UK economy to enter recession in all but name

UK economy to enter recession in all but name
Fresh gross domestic product (GDP) numbers released on Friday will top London investors’ minds in a week that sees Wall Street banking giants kick off US earnings season (Photo by Dan Kitwood/Getty Images)

The UK economy is set to enter a recession in all but name after official figures out later this week will likely reveal output slumped again in November.

Fresh gross domestic product (GDP) numbers, set to be released on Friday, will top London investors’ minds in a week that sees Wall Street banking giants kick off US earnings season.

Output is on course to swing back from a 0.5 per cent rise in October, which was artificially boosted by the lost working day in September to mark The Queen’s funeral, to a loss.

Soaring prices and business costs have continued to hit spending, weighing on the UK economy.

“We think that GDP is due a fall bearing in mind the weaker surveys and higher inflation, and as such forecast a 0.3 per cent m-o-m drop in November,” analysts at investment bank Nomura said.

Timelier indicators such as the purchasing managers’ index (PMI) show the services, construction and manufacturing sectors all contracted in December, signalling the country is in a recession right now.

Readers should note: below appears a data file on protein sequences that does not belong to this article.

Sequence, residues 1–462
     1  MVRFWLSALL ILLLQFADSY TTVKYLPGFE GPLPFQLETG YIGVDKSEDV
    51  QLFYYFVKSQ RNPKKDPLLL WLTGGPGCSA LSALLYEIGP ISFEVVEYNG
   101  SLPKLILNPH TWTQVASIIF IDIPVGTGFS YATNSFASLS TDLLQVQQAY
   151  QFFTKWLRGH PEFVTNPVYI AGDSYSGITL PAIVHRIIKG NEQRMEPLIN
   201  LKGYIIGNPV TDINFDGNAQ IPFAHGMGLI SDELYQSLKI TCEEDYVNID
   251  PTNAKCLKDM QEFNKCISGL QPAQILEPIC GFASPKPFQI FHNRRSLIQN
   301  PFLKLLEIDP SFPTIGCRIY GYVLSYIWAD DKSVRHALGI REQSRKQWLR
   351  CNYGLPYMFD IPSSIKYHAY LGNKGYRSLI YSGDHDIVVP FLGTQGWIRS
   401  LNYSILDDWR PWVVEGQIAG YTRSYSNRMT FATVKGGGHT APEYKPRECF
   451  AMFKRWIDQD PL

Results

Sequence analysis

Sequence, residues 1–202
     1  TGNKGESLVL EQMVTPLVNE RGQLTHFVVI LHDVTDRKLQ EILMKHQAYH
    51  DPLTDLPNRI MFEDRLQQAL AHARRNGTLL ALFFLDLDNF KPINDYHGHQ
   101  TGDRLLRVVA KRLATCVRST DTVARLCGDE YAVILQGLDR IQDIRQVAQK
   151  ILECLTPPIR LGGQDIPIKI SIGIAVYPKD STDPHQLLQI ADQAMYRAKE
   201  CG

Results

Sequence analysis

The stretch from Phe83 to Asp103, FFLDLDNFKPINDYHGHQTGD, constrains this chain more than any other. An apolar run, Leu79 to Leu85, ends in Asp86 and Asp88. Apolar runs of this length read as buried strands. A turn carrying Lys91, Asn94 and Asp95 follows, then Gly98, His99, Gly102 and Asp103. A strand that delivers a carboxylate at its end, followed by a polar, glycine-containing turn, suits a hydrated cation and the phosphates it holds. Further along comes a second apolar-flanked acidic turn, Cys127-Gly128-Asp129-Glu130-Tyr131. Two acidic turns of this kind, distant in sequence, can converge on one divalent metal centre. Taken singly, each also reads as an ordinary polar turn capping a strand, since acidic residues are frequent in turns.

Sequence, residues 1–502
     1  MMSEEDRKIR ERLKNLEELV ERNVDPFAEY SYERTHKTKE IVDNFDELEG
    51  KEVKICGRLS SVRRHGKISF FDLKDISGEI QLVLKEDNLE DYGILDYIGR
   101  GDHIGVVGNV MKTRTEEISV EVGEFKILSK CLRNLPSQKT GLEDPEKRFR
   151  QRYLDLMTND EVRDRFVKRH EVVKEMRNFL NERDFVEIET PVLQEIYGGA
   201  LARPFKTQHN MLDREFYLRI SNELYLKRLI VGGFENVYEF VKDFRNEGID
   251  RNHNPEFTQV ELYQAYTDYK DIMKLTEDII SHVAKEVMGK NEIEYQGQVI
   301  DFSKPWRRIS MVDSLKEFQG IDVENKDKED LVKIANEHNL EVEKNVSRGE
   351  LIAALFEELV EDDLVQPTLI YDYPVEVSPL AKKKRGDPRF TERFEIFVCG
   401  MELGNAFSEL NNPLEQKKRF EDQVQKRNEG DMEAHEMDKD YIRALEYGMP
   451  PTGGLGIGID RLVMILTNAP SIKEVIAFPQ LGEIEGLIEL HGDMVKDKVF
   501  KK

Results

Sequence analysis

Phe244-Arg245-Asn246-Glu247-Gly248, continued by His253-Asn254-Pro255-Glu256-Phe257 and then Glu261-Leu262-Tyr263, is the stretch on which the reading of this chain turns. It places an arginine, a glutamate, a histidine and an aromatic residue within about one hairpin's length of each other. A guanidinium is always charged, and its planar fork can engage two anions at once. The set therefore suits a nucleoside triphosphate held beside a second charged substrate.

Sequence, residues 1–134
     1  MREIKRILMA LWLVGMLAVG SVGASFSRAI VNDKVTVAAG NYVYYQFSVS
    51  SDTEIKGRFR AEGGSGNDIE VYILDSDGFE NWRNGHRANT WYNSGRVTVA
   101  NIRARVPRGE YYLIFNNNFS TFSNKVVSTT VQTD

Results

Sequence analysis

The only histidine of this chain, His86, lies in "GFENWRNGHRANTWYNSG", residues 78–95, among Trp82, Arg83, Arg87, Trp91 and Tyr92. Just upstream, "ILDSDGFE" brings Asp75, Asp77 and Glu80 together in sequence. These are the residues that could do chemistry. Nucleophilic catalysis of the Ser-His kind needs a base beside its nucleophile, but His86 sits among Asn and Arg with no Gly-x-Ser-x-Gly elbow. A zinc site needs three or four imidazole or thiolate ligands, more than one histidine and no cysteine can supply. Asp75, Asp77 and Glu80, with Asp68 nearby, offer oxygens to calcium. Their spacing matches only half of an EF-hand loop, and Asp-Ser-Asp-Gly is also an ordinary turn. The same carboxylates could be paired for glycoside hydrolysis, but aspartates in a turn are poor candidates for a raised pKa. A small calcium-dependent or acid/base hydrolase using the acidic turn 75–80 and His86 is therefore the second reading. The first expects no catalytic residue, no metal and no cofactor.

On the corporate front, US banking titans will launch one of the closest watch earning seasons ever, with investors keen to see whether the Federal Reserve’s series of aggressive rate hikes to tame inflation are whacking profits.

JP Morgan, Bank of America, Wells Fargo and Citigroup update investors on Friday.

Lenders have received a boost from the Fed’s rate rises, which have been the most severe since the 1980s. Banks can charge more for loans when base rates rise.

However, investors are keen to see whether consumer spending is holding up amid higher living costs for clues on whether the US will tip into recession.

Card transaction volumes tracked by more consumer-focused banks, such as Wells Fargo, will be parsed over for indications on the strength of household demand.

Experts are divided over whether the US can escape a technical recession – two consecutive quarters of contraction – after the Fed’s rate hike cycle.

City traders will also be keeping tabs on how pound sterling performs after it kissed a November low against the US dollar last week. The currency rallied at the end of the week.

That drop helped fuel a rally on London’s FTSE 100 index, which climbed 2.49 per cent over the last week to close at its highest level since the summer of 2019.

FTSE 100 ended last week at 2019 levels

London's FTSE 100 ended last week at a near four year high despite recession fears.
Source: TradingView

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